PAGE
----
It was kind of fun getting involved in the fsync debate, so now I’ll get involved in another ongoing controversy: software transactional memory. If you haven’t already heard of STM, Wikipedia has a good intro – albeit one obviously written by an STM proponent. Such proponents often try to position STM as the solution to all of our concurrent-programming problems. However, as often happens when the advocacy for something becomes too strident, there seems to be a growing backlash from people pointing out the supposed panacea’s limits and problems.

One example of this is Patrick Logan’s rant about STM, and the ensuing discussion at Lambda the Ultimate. In the discussion, there seems to be a general consensus that locking and shared state don’t scale very well, but then there’s a split between those who propose STM as a solution and those who propose more Erlang-like “shared nothing” approach based on messaging. Every once in a while, but too rarely in my opinion, somebody seems to notice that putting operations under a lock and putting them inside a transaction are actually very similar. Transactions offer some desirable properties such as isolation and composability, but the two approaches have much in common and require similar diligence from the programmer. Races, deadlock/livelock, starvation, and so on are still entirely possible with STM if the programmer is careless – and we all know they are.

On LtU, Tim Sweeney weighs in on the pro-STM side.

You could implement this using message passing, but you’d be writing and debugging your own ad-hoc transactional protocol for each of the tens of thousands of updates and state transitions present in the program.

I understand his concern. Data-consistency problems are often unrecognized as such by programmers who lack the proper training or experience. People given messaging often end up implementing their own kind of distributed state sharing, whether they realize they’re doing it or not, and almost invariably implement it poorly so that they have stale or inconsistent data everywhere. Why not give them STM-based state sharing that avoids at least some of these problems? Because each transaction having its own view creates the same problems as each process having its own view, and becomes more likely as people take advantage of all the composability that is supposedly such a great feature of STM.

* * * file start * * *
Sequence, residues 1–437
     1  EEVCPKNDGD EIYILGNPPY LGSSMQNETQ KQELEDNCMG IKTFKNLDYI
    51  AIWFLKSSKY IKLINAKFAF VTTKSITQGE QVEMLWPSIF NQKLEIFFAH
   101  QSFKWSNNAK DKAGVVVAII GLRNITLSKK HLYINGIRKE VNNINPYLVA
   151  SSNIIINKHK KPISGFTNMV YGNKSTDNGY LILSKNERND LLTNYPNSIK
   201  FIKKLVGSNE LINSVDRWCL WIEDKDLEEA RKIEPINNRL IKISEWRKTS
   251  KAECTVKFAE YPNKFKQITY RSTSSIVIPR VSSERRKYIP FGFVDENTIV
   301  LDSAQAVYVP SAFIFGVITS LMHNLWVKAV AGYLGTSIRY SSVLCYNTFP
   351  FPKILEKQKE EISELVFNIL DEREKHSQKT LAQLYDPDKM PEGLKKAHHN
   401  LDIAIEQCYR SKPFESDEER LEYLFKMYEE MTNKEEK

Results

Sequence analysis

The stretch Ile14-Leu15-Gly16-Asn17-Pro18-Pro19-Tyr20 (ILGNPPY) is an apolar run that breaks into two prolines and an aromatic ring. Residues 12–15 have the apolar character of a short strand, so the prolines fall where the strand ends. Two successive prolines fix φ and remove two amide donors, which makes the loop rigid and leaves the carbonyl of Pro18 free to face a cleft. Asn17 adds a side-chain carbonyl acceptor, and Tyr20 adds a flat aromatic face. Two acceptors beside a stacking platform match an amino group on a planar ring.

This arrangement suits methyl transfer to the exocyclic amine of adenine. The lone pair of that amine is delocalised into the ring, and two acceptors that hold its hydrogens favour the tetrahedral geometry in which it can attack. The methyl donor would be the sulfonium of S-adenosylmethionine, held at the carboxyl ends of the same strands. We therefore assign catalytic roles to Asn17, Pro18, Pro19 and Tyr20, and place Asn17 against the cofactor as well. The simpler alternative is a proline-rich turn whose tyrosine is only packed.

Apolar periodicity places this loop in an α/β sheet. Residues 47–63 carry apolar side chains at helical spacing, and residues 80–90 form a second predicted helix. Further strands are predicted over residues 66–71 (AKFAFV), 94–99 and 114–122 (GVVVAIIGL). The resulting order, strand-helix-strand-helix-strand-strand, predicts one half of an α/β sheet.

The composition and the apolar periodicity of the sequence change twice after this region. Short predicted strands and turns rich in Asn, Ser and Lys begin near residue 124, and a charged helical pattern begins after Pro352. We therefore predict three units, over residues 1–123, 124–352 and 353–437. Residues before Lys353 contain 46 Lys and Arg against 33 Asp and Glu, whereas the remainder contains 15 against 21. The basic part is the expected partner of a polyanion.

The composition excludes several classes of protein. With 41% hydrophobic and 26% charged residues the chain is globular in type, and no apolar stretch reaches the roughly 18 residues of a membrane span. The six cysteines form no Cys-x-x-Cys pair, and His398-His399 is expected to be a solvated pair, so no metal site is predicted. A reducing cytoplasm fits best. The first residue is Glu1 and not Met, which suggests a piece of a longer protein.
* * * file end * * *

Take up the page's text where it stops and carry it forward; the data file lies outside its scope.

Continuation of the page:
Also, and perhaps more importantly to me than to some, we have to consider the distributed case. Distributed STM (DSTM) is essentially the same problem as software distributed shared memory (SDSM). I’ve actually worked on SDSM systems, so I’m pretty familiar with its problems and limits. Over the years I’ve watched one group after another make grandiose claims that they’ve solved the problems and overcome the limits, only to have the actual results disappoint. That’s why I view claims such as ScaleMP’s with some skepticism, and claims backed by even less proof than theirs with something like derision. Show me. Tell me the details, and show me the results – on real applications, not some rigged comparison where an optimized STM implementation is compared to an unoptimized lock-based one to achieve the desired result. Until then, I’ll continue to believe that performance of DSTM is likely to be so bad that programmers will avoid it in most (if not all) cases despite its supposed advantages, so at most DSTM will be relegated to niche use.